From the moment we meet Peggy (Saira Choudhry), handing us an exercise book and welcoming us to her classroom, we are transported back to 1961 by Olivia Du Monceau's impressive and effective use of costumes, props and set. Schoolteacher, Mr Taylor, (Luke Walker) begins to teach us all about the first human ever to fly into space, Yuri Gagarin, on a blackboard attached to an adaptable box of tricks. This box becomes the centre of the action as it makes numerous transformations from a stove to a bus, a schoolroom to a cupboard and, at its most jaw-dropping, to Peggy’s spaceship.
The cast of three excelled at using their physicality to help us imagine each different situation, including a crush to see the Spaceman at the town hall. Eve Robertson’s portrayal of bully Mean Janine and Rover the toy dog was hilarious and convincing, and Saira Choudry’s innocent Peggy had us all rooting for our heroine. Luke Walker successfully took on numerous incarnations, the most remarkable being his heart-warming and majestic Russian Spaceman.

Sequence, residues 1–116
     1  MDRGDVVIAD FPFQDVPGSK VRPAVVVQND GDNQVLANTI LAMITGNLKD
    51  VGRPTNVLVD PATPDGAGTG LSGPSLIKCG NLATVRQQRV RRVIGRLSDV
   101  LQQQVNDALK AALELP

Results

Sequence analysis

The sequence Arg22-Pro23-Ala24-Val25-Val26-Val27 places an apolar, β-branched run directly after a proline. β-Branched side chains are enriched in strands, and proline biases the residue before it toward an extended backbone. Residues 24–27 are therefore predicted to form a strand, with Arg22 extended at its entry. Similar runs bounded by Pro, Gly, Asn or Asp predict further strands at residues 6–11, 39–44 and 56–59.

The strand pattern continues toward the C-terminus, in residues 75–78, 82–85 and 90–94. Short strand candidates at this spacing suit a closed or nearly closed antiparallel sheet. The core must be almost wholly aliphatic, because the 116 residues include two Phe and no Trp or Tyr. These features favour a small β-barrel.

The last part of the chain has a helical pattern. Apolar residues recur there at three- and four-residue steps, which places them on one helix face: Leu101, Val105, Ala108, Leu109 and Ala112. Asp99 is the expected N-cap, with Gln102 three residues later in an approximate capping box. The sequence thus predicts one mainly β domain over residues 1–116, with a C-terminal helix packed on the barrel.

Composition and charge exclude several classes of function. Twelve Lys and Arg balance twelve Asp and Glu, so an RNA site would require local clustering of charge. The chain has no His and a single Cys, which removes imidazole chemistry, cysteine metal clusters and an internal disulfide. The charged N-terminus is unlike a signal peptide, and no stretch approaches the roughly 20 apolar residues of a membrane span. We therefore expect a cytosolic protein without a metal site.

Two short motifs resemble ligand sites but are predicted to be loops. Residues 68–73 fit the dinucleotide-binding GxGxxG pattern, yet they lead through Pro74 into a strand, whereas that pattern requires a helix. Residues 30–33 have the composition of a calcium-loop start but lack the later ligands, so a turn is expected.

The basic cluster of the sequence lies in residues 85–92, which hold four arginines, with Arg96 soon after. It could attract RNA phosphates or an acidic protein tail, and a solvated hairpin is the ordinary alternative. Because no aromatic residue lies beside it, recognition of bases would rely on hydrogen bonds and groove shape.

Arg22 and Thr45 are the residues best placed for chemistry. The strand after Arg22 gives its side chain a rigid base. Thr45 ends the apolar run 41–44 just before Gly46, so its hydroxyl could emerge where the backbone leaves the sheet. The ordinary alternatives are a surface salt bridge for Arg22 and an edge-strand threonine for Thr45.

Given that the performance I attended had been transferred from its leaking home to a new space without lights, it was apparent that this was a well-rehearsed, slick, ensemble piece. With an extensive team of accomplished practitioners on board it’s not hard to see how this fringe production reached the high production values that it did, but that takes nothing away from its charm.
- Francesca Waite